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Playing the long game: section 11A success

  • Newsletter Article
  • Published 20.06.2019

AS v The State of New South Wales [2019] NSWWCCPD 18 (8 May 2019)


It is well known that the burden of establishing a section 11A defence to a claim for psychological injury rests with the employer.

It is also well known that section 11A defences are very difficult to make out from an evidentiary perspective, and are rarely upheld by Arbitrators.

In the recent decision of AS v The State of New South Wales [2019] NSWCCPD 18 (8 May 2019) (AS) Deputy President Elizabeth Wood upheld Arbitrator Perry’s decision at first instance; finding in favour of the employer on its section 11A defence.


Section 11A of the Workers Compensation Act 1987 provides a complete defence to a claim for psychological injury in circumstances where the worker’s injury was wholly or predominantly caused by reasonable action taken or proposed to be taken by the employer with respect to one or more categories including transfer, performance appraisal, discipline and dismissal.

The employer bears the burden of proof in establishing each element of the defence and discharging that burden requires a combination of medical and factual evidence.
Medical evidence is required to establish injury, and particularly since the decision in Hamad v Q Catering Limited [2017] NSWCCPD 6, the whole or predominant cause.
Factual evidence is then required to demonstrate that the action taken by the employer falls within one of the categories covered by section 11A (such as discipline) and, that the action taken or proposed to be taken was reasonable.

Gathering the necessary factual and medical evidence takes time and there is often a tension between that process and the timeframes for making a liability decision. Insurers are also often under pressure from employers to apply an early section 11A defence in circumstances where it might be indicated but has not yet been fully explored.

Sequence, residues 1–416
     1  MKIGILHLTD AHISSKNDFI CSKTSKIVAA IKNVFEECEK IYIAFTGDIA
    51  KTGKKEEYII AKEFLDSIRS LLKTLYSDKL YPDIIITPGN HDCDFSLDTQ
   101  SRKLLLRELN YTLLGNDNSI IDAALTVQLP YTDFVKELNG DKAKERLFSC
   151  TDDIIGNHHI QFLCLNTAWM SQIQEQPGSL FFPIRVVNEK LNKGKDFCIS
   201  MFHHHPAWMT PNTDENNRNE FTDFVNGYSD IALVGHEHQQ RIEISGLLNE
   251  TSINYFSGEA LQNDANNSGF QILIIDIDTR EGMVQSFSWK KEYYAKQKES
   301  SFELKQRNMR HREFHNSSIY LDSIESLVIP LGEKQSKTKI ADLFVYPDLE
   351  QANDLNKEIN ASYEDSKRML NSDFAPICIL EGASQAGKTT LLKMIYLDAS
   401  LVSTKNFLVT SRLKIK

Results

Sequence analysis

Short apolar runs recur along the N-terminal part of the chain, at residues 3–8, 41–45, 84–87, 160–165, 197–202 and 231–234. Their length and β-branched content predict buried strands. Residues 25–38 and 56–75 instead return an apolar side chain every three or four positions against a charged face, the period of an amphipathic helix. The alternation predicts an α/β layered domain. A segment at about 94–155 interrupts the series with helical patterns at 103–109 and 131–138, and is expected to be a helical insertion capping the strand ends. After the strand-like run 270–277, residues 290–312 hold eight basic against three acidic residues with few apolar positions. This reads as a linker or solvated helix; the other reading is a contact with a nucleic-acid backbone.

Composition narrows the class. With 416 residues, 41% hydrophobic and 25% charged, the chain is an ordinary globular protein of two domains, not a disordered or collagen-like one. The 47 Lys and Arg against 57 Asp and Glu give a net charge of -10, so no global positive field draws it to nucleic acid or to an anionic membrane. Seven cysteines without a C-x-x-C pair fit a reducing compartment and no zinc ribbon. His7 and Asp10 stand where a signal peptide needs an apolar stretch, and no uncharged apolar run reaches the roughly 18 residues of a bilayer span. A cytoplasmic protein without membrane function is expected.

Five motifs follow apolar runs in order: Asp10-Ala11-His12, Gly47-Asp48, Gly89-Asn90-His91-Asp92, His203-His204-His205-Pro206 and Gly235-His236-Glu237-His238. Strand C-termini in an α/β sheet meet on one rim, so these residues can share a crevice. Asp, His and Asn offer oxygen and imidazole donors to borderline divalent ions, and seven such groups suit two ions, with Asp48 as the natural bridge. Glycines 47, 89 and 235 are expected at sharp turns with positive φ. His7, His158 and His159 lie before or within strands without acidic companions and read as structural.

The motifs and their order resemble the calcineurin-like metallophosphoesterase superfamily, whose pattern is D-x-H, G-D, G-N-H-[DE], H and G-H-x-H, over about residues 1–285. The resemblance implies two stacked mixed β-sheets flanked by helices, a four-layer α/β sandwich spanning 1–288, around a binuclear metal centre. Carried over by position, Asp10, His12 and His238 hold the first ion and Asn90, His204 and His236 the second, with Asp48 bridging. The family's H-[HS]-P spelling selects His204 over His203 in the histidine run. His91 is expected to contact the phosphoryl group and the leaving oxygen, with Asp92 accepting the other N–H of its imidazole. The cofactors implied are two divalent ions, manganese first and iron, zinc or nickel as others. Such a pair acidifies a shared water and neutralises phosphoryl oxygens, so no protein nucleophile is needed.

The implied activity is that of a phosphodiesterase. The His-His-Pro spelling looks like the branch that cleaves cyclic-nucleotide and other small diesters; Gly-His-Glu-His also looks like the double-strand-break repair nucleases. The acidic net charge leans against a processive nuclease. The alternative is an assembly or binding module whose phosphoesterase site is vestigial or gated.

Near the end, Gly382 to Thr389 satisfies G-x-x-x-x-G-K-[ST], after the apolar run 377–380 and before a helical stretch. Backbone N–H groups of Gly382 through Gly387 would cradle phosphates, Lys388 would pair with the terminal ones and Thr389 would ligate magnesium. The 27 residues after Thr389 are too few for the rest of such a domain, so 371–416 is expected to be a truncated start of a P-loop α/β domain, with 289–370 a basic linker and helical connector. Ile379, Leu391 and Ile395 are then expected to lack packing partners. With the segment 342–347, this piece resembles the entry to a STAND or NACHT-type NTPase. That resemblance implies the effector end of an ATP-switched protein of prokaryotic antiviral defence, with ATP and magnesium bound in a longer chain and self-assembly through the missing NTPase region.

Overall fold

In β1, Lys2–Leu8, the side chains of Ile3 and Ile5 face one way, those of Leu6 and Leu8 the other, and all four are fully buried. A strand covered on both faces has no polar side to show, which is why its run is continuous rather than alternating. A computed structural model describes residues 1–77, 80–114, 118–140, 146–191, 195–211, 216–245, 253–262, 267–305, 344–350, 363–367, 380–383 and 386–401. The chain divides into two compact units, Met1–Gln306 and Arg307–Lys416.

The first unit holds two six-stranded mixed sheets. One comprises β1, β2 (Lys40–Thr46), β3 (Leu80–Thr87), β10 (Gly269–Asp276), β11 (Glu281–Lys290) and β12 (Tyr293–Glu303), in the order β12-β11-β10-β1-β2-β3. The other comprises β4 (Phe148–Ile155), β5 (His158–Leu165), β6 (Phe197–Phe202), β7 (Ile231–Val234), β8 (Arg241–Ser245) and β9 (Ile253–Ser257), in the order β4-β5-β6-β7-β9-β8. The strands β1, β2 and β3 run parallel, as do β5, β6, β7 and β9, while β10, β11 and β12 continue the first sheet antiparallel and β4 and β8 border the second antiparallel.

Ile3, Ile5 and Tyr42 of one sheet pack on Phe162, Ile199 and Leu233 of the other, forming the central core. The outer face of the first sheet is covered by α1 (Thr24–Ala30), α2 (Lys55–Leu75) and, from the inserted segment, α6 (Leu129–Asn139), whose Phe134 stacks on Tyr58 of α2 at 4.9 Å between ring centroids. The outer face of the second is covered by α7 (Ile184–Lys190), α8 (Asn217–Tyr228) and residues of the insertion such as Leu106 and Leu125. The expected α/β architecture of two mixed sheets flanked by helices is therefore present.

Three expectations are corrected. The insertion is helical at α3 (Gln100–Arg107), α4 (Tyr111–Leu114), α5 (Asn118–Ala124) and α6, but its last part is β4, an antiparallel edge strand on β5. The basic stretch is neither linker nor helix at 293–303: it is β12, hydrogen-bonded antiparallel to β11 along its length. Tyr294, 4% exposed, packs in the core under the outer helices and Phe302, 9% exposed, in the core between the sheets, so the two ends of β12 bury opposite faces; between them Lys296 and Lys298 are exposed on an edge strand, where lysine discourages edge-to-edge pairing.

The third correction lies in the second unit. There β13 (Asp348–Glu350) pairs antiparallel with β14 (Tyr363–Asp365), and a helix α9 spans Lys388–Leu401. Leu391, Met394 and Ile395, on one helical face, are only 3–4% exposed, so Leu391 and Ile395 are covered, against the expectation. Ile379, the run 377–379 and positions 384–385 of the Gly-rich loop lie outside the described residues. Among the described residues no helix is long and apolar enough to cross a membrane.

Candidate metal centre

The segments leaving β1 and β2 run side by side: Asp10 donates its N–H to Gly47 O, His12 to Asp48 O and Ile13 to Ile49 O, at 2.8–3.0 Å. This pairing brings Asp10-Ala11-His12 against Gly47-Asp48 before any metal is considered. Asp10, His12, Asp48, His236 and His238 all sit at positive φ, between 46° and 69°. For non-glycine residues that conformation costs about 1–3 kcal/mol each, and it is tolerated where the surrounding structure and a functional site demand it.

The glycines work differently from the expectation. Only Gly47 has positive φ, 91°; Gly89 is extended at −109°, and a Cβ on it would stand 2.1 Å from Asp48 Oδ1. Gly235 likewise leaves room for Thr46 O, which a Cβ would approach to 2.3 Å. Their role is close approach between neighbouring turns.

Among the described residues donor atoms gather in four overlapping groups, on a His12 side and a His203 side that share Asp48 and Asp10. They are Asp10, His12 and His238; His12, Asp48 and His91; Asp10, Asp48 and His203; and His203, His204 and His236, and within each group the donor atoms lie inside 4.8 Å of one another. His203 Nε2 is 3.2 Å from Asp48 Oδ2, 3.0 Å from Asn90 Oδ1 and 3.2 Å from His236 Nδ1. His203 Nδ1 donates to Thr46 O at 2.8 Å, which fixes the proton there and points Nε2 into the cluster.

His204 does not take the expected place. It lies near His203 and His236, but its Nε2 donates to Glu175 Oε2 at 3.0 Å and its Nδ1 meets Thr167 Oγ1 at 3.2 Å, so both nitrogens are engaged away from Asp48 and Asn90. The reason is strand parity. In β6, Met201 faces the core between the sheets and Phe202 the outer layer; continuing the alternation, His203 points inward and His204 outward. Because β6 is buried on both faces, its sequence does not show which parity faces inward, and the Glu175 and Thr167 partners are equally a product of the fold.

The decision in AS is a rare example of a successful section 11A defence; undoubtedly the result of the insurer initially accepting the claim, and taking the time necessary to properly build its case.


The appellant (AS) was a senior Police officer who, at 1.10am on 10 February 2015 was notified that the Professional Standards Command were investigating allegations of misconduct made against him. Specifically, he was accused of behaving inappropriately towards a female colleague, harassing her in an attempt to discourage her from reporting the behaviour and of generally making inappropriate and offensive comments in the workplace.

AS ceased work on 16 February 2015 and consulted his GP who diagnosed an adjustment disorder and certified that he had no capacity for work. On 25 May 2015 he lodged a NSW Police Incident Notification alleging bullying, harassment, victimisation and being accused of something he did not do. The date of injury was recorded as 10 February 2015 at 1.10am.

Liability for the claim was initially accepted and over the two years that followed, the insurer obtained detailed statements from a number of witnesses. Some witnesses were spoken to on up to four occasions.

Also during that time, the insurer (and later its legal representative) obtained a series of reports from the qualified medico-legal psychiatrist; asking him to consider the factual and treating medical evidence as it came to hand.

In deciding the matter at first instance, Arbitrator Perry appropriately weighed the evidence provided by the employer’s witnesses on the one hand, and AS on the other.

He also carefully considered the parties’ respective medico-legal evidence and rejected AS’s evidence owing to the inaccurate history relied upon by the doctor.

That process led Arbitrator Perry to uphold the insurer’s section 11A defence and his reasons and conclusions were endorsed by Deputy President Wood in rejecting AS’s appeal.


This decision does not create any new law and from that perspective is not particularly significant.

It is very important however, in reinforcing the value in playing a long game. That is, in taking the time to build a strong case, both medically and factually - even if it means paying benefits for an extended period in the meantime.